YouTube Video Has Arlington VA Felon in Trouble Again

By Jerry Markon
Washington Post Staff Writer
Thursday, March 5, 2009

People who commit crimes usually try to cover their tracks. But an Arlington County man posted his on YouTube -- and it landed him in federal court.

Benjamin C. Hornstein, 37, appeared in a video on the popular Internet site wearing a black hood and holding a gun. Not such a good idea, considering Hornstein is a convicted felon, and felons are not supposed to have guns.

Hornstein was arrested and pleaded guilty Tuesday in U.S. District Court in Alexandria to possessing a firearm, a charge that could send him to prison for up to 10 years.

More and more, people are displaying their criminal behavior for the world to see, federal officials said. Investigators regularly check YouTube and other sites, where people have been known to post videos of themselves starting fires and setting off pipe bombs.

"I'm amazed at what people will put on the computer," said Mike Campbell, a spokesman for the Washington field office of the Bureau of Alcohol, Tobacco, Firearms and Explosives, which investigated Hornstein's case. "Everyone wants their 15 minutes of fame."

Hornstein, who will be sentenced May 15, is still jailed.

His father, Roger Hornstein, said: "The felony conviction was many, many years ago, when he was 21, and it surprised me that it would be a basis for something now."

Court documents said the investigation began Jan. 19, when Arlington police received complaints about the video, titled "4am Luciferian Service and Prayers for Darling Little Nee our new Thai Convert." Detective Crystal Nosal, a police spokeswoman, said several residents called police because the video also showed Hornstein posed next to a life-size photo of a woman who was gagged.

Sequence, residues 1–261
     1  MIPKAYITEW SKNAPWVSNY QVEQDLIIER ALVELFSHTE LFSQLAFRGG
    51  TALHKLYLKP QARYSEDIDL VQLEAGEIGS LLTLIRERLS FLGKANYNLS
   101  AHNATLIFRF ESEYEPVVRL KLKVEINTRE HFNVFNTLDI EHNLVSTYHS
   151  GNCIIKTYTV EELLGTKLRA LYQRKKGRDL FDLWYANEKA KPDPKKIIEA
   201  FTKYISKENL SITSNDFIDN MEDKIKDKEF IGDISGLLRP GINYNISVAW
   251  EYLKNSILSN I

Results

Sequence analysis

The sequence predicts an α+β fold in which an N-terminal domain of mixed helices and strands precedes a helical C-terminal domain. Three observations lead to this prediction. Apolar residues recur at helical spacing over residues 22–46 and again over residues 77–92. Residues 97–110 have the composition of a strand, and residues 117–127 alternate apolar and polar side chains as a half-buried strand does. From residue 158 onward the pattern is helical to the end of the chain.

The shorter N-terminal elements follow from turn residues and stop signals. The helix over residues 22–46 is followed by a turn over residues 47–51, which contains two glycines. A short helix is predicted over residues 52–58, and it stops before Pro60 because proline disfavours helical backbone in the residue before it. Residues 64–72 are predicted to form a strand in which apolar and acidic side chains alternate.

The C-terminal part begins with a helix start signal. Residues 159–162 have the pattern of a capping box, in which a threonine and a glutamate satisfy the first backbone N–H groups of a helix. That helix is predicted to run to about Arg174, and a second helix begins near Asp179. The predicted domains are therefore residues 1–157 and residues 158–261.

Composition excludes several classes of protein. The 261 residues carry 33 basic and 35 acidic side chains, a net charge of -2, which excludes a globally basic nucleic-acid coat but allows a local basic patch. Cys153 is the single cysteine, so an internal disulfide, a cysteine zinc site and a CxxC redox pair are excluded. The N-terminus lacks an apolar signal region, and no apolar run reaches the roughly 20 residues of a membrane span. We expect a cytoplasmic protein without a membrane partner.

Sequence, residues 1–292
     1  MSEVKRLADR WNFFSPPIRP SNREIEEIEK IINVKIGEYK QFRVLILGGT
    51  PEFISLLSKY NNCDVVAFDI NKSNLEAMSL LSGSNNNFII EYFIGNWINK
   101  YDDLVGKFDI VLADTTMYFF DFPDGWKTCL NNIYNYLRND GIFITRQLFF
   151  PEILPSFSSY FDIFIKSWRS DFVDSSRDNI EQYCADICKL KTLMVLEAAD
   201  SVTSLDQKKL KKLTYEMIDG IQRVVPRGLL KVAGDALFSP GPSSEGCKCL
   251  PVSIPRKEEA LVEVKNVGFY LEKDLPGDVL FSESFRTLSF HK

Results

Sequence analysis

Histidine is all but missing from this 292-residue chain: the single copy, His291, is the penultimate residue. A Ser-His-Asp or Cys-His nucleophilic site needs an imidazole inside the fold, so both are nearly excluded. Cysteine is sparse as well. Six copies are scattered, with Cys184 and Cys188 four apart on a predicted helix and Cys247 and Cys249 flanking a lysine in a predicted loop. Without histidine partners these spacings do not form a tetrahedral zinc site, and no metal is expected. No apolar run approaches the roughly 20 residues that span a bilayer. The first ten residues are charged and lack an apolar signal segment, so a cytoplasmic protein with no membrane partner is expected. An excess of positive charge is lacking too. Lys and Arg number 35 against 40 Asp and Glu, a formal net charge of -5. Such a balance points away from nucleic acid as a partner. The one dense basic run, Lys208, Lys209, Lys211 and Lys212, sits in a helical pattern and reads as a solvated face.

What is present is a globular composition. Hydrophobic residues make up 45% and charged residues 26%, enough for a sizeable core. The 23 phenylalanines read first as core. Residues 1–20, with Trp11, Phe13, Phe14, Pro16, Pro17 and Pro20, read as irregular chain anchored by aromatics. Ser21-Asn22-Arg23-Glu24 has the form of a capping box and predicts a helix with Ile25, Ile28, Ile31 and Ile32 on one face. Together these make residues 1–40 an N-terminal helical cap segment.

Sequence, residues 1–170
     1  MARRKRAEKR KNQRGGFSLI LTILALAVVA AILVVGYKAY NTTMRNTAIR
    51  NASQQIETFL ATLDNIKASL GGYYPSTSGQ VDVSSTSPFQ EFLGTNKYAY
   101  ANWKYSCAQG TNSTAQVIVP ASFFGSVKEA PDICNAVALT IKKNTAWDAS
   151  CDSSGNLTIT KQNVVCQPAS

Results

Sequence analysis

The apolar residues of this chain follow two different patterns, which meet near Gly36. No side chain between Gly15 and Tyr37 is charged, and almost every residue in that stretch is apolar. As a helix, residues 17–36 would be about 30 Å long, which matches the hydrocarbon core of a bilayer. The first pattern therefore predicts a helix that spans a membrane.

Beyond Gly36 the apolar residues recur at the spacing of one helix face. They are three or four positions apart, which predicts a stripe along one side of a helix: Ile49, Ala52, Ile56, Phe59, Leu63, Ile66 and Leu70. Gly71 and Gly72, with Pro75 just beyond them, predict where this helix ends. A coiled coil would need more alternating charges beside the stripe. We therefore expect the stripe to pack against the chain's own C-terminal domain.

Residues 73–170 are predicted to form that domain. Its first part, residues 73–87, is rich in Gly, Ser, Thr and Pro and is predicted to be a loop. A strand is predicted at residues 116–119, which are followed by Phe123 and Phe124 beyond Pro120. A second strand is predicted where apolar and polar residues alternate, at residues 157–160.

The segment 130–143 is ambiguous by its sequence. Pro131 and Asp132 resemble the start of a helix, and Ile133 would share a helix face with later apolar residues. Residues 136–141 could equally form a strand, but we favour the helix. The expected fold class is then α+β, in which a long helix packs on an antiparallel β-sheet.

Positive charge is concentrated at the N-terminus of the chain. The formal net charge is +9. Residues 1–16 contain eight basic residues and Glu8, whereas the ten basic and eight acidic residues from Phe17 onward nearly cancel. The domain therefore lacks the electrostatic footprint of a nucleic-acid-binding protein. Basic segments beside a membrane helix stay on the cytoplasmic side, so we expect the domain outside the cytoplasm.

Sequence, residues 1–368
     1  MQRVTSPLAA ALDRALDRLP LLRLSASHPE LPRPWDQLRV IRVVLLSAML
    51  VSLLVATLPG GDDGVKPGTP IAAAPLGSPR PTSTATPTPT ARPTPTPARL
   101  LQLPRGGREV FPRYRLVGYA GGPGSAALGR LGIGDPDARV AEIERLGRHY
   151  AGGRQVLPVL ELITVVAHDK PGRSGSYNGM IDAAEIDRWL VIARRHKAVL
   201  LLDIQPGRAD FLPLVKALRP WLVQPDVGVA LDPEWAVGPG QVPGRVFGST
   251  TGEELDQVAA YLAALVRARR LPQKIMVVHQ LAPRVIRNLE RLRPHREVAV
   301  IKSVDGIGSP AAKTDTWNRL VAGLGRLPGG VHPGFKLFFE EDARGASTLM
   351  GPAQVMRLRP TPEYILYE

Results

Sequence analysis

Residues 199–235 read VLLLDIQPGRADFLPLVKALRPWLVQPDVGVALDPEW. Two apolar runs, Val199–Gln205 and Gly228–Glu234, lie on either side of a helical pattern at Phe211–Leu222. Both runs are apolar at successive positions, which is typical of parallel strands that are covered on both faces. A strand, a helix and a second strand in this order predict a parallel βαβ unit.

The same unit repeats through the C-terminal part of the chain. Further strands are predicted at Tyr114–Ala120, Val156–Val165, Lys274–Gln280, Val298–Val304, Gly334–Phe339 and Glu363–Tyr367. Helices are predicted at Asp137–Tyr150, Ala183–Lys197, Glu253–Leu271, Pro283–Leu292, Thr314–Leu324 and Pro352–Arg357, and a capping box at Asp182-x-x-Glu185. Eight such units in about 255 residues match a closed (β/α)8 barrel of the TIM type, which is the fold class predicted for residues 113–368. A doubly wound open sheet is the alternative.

The callers were familiar with Hornstein, who had made threats against public officials and members of a local church, Nosal said. "People were concerned that maybe now since he had a gun or access to a gun that made those threats more realistic," she said.

Concerned that the woman had been abducted, police arrived later that day at Hornstein's house on North Quebec Street. They found a 10mm Colt semiautomatic pistol -- apparently the one from the video -- in a carrying case under Hornstein's bed. Hornstein told officers he had borrowed it from a friend, court documents said.

Police also found the photograph of the young woman in the video, and Hornstein said he had downloaded the picture from a pornographic Web site, court documents said. There was no sign of the woman and no obvious crime, but investigators learned that Hornstein had been convicted in Arlington in 1994 of grand larceny and statutory burglary.

Since Colt weapons are manufactured outside Virginia, the incident became a federal crime, because interstate commerce was involved, according to an affidavit written by ATF agent Timothy J. Lee and filed in court. Hornstein pleaded guilty to being a felon in possession of a firearm, a charge frequently used in federal gun prosecutions.

Investigators said they will continue to closely monitor computer images for people who feel compelled to post their crimes. "We recognize that the Internet is fertile ground for criminal activities," said FBI Supervisory Special Agent Katherine Schweit, spokeswoman for the bureau's Washington field office, which also investigated Hornstein's case.

The video that got Hornstein in trouble had been removed from YouTube yesterday. But other videos of his remained, including one dated Jan. 19. "The police just came and took pictures of the girl. They think perhaps she is a victim or something," Hornstein said as he looked at the camera.

He concluded by saying he was closing his YouTube account. "This is not worth it to me. I just got better stuff to do," he said. "This is goodbye.''

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